Bhutan’s then king Jigme Singye Wangchuck warned India of pressures from China in 1999, writes former R&AW chief A.S. Dulat in his latest book. Mr. Dulat says the former King’s words were “prophetic” about India-China tensions in Doklam in 2017 and the build-up of infrastructure by China that has followed. He also says that New Delhi’s “muscular policy” on a range of issues, including the situation in Kashmir, and tough foreign policy in the neighbourhood led to “failures”.
According to the book, Mr. Dulat, who visited Thimphu for three days in 1999, spent time with the then king, known as “K4”, who abdicated to his son, King Jigme Khesar Namgyel Wangchuck in 2005.
“Democracy is coming sooner rather than later. But [the Indian establishment] is making things a little difficult for us. The Chinese are breathing down our necks,” Mr. Dulat paraphrases the former King as telling him during his visit, adding that the King was convinced the problems with China would “only increase” if India “pushed” Bhutan too much. Mr. Dulat, who is now retired and lives in Delhi, told The Hindu that he believed the former King was referring to Chinese pressure at the time to conclude the border settlement with Bhutan. He also said that the King was convinced that as Bhutan grew more democratic, there would be more engagement with China on the issue.
24 rounds of talks
Since 1984, Bhutan and China have held 24 rounds of talks largely focused on “swapping” two separate areas of dispute: Doklam and other areas near the India-China-Bhutan tri-junction measuring 269 sq. km, with the Jakarlung and Pasamlung valleys located near Tibet to Bhutan’s north, which measure 495 sq. km. Through the 2000s, the talks didn’t make much headway, after New Delhi made its reservations clear, but the talks were resumed subsequently, and in 2021, China and Bhutan announced a “3-step road map” for a resolution of the boundary disputes between them.
In addition, Mr. Dulat notes that since the India-China standoff at Doklam ended in 2017, China has increased its infrastructure in the area, including a road and “model village” on the eastern periphery of the Doklam plateau. “The old King [Jigme Singye Wangchuck] was a sharp man, and looking back, his remarks have been prophetic,” Mr. Dulat writes in the memoirs.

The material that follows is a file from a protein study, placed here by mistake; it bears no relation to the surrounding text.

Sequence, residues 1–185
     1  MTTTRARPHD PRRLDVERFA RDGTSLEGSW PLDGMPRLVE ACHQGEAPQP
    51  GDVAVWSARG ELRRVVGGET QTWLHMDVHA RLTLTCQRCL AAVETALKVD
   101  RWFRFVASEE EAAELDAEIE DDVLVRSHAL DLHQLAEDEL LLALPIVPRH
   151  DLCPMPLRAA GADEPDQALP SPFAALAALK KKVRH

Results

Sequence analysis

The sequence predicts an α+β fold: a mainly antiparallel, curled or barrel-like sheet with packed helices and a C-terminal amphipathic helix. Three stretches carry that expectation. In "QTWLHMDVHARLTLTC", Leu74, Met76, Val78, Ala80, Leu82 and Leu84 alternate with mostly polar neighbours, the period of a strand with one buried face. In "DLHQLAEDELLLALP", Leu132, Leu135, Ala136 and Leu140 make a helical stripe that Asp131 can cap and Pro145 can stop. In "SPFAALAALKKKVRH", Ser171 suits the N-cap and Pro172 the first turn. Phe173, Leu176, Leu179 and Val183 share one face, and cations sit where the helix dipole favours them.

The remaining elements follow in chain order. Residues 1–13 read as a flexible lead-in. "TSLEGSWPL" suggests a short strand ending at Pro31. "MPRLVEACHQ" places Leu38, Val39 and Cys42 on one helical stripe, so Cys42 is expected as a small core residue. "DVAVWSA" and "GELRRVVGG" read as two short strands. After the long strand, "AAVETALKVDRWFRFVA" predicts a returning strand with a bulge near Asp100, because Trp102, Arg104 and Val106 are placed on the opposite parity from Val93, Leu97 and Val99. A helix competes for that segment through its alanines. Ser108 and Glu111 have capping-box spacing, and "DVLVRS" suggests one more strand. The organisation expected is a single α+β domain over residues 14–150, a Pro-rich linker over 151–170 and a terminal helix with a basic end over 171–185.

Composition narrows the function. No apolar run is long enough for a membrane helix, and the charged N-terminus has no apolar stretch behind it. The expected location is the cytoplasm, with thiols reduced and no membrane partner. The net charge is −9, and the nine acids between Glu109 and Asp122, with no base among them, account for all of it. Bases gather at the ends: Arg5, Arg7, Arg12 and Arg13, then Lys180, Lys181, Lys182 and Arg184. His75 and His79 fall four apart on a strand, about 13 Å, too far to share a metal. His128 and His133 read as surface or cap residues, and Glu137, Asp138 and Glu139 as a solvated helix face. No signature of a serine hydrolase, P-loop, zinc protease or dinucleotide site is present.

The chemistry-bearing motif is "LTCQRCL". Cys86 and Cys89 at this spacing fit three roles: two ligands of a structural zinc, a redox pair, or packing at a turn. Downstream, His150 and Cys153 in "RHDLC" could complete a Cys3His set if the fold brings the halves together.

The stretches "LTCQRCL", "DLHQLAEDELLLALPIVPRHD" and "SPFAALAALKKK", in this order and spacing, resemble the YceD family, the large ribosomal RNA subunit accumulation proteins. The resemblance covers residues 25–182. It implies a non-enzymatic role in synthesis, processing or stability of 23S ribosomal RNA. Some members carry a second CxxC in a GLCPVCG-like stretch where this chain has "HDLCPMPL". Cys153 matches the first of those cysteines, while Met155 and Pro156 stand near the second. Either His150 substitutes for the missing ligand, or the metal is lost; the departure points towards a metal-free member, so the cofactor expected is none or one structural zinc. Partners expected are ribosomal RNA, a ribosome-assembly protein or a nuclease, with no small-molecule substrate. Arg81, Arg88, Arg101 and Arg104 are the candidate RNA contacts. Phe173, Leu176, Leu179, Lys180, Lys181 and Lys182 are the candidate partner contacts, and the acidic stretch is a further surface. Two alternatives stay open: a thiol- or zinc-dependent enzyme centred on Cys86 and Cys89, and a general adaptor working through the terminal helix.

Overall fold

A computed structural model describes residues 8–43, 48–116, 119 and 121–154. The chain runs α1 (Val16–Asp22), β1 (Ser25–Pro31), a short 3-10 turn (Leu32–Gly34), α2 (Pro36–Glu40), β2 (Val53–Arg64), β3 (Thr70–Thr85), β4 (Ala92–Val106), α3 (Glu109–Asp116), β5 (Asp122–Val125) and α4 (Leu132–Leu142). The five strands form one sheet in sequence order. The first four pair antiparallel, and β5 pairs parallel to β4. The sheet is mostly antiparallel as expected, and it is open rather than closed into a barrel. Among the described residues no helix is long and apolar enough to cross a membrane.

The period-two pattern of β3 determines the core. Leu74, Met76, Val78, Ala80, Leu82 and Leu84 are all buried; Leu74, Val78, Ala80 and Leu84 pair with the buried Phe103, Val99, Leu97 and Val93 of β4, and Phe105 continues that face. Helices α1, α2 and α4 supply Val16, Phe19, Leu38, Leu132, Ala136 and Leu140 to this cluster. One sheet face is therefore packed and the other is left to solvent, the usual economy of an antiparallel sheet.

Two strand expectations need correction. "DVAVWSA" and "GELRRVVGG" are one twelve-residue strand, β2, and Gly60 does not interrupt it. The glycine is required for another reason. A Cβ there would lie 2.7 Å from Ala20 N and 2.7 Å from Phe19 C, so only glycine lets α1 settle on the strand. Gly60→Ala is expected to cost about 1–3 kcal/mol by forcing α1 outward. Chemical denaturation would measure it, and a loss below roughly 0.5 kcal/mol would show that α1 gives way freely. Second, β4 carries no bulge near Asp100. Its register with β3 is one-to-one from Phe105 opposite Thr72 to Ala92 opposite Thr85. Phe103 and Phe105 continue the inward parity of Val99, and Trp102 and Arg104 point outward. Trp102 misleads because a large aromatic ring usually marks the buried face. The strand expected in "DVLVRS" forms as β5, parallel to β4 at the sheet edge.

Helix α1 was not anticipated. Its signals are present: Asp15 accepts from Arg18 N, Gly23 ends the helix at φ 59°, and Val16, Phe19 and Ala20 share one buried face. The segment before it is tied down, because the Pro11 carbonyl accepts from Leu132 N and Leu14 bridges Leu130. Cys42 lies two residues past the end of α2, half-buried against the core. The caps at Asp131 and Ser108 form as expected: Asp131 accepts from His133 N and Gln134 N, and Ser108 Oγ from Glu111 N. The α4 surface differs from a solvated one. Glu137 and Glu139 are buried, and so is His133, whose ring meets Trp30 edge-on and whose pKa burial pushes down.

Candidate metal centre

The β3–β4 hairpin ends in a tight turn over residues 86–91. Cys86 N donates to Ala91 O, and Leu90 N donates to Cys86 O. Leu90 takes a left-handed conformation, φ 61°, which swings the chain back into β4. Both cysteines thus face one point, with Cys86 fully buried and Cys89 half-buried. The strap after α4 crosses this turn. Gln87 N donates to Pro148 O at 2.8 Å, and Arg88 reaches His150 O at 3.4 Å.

The book, which has been in the news for Mr. Dulat’s dealings with separatist leaders of the Hurriyat in Kashmir during his time in the Intelligence Bureau, and former Prime Minister A.B. Vajpayee’s office, and for an entire chapter about National Security Adviser Ajit Doval called “Spooks as friends: a tale of two spymasters” about their work on Kashmir, and during the IC-814 hijack, also includes a number of direct conversations he had with world leaders. Mr. Dulat writes that even a decade after former Prime Minister Rajiv Gandhi’s assassination by the LTTE, then Sri Lankan President Chandrika Kumaratunga suspected that India had links with LTTE chief Prabhakaran, and had summoned Mr. Dulat to ask him about his whereabouts. He says that Bangladesh Prime Minister Sheikh Hasina was “another leader who liked to get her intelligence briefings directly from the head of the R&AW”.
In his earlier role as a security official with the Intelligence Bureau, Mr. Dulat recounts his meeting with PLO chief Yasser Arafat in 1980, who received special permission from Prime Minister Indira Gandhi’s office to allow him as a foreign leader to carry a revolver on his person, and with British Prince Charles (now King Charles III) and British Prime Minister Margaret Thatcher, both of whom complained of being “frozen out” in icy conversations with Mrs. Gandhi during their respective visits to India. He also claims that it was former Russian intelligence chief Vyacheslav Trubnikov who first devised the plan for Russia-India-China (RIC) cooperation, and arranged a meeting between Mr. Dulat and then Russian Premier Vladimir Putin. During Trubnikov’s visit to Delhi next, he sought and received a reciprocal meeting with Prime Minister Vajpayee, the book adds. The memoirs follow Mr. Dulat’s previous controversial works, including “Kashmir: The Vajpayee Years”, and “Spy Chronicles” that he co-authored with former ISI Chief Asad Durrani.